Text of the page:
How to Cash a Joint Tax Refund

Visit the bank together to cash a joint check.

Visit the bank together to cash a joint check.

When the Internal Revenue Service issues a tax refund to joint taxpayers in the form of a check, you will receive the check with both of your names printed on it. Because banks have strict regulations for cashing checks made out to two parties, you’ll have a lesson in togetherness as you cash a joint tax refund. As long as you follow your bank’s guidelines, cashing the check shouldn’t pose issues.

Call your bank to find out what requirements the bank has for cashing joint tax refunds. Many banks require both parties on the check to be co-owners of a joint bank account. If only one person has an individual account, the bank may require both you and your spouse to visit the bank to endorse the check.

Visit your bank and bring your spouse to cash the check according to your bank’s policies. Wait until you are both in the presence of a bank representative before writing anything on the check. Provide your account number to the bank representative to prove you hold an account with the bank.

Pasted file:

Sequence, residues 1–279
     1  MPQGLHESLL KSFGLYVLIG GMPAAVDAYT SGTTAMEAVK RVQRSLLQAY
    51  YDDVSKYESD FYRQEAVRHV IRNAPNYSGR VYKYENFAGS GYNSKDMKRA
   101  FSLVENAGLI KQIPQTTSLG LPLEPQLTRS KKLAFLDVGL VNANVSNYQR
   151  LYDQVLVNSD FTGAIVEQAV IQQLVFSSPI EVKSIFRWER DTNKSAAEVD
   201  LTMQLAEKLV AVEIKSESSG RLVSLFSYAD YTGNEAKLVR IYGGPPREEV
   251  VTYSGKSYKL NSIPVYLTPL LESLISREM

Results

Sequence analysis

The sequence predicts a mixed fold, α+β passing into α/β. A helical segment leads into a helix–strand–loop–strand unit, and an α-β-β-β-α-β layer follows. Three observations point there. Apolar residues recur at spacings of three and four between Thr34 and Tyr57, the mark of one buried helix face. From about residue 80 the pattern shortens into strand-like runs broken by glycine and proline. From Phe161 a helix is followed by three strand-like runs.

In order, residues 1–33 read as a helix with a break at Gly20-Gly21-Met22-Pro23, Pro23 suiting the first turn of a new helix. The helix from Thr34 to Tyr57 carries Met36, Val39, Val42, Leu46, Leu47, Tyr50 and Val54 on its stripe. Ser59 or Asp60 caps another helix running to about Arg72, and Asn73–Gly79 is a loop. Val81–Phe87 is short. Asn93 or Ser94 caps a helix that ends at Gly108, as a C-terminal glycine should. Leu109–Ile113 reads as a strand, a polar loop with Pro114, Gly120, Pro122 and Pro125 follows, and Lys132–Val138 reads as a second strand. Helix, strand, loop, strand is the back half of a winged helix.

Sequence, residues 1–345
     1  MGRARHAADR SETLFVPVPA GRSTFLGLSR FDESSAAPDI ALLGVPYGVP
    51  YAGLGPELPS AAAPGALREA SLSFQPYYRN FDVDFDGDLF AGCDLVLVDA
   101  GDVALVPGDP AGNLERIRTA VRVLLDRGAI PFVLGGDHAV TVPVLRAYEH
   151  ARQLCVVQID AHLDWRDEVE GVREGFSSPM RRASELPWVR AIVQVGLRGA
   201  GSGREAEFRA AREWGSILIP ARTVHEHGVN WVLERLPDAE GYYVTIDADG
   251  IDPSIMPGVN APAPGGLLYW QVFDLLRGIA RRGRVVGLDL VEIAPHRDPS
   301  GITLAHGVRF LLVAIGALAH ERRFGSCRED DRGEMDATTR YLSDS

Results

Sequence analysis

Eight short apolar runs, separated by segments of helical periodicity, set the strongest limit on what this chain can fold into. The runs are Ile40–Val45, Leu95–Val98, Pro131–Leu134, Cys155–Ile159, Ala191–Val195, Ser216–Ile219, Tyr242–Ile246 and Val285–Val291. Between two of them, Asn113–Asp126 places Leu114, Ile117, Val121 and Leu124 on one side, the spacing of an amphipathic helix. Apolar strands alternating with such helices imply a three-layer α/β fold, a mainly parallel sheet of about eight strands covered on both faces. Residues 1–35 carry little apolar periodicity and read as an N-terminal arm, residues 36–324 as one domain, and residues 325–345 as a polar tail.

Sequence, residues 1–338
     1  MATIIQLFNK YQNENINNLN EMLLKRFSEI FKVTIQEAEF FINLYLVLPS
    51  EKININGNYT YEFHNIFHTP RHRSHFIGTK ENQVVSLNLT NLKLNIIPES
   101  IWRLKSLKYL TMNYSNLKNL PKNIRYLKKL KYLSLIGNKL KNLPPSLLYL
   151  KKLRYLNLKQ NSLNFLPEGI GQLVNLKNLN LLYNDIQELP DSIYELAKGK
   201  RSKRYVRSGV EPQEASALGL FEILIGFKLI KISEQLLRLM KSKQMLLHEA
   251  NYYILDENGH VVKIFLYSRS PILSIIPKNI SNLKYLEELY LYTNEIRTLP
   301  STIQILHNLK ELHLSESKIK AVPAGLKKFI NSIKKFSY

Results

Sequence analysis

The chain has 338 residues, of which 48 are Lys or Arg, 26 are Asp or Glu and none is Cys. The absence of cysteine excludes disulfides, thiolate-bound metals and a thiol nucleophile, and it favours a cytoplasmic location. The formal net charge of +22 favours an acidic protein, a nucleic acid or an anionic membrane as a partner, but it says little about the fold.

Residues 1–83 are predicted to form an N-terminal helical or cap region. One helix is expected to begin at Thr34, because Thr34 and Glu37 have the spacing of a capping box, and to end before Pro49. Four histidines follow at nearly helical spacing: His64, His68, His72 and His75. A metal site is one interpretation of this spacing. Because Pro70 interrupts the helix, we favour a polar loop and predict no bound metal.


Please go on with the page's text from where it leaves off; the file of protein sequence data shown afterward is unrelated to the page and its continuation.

Endorse the check while the bank representative observes, signing the back of the check exactly as your name appears on the front. Wait while your spouse signs the check in the same fashion. Keep your signatures above the line designating the endorsement area on the back left end of the check.

Provide signature verification, if requested. The bank representative may ask to see your driver’s license or another identification bearing your signature.


  • The IRS offers direct deposit for taxpayer refunds. Not only is direct deposit the fastest way to receive your refund, according to the IRS, but it also simplifies the process of receiving a joint tax refund. You may direct the IRS to deposit a joint tax refund into either a joint account or an individual account, according to the IRS. Before setting up the direct deposit, contact your bank to make sure that the bank will accept a direct deposit from a joint tax refund into the applicable account. If the bank rejects the IRS direct deposit, it will return to the IRS and you’ll get a joint paper check.

About the Author

Kathryn Hatter is a veteran home-school educator, as well as an accomplished gardener, quilter, crocheter, cook, decorator and digital graphics creator. As a regular contributor to Natural News, many of Hatter's Internet publications focus on natural health and parenting. Hatter has also had publication on home improvement websites such as Redbeacon.

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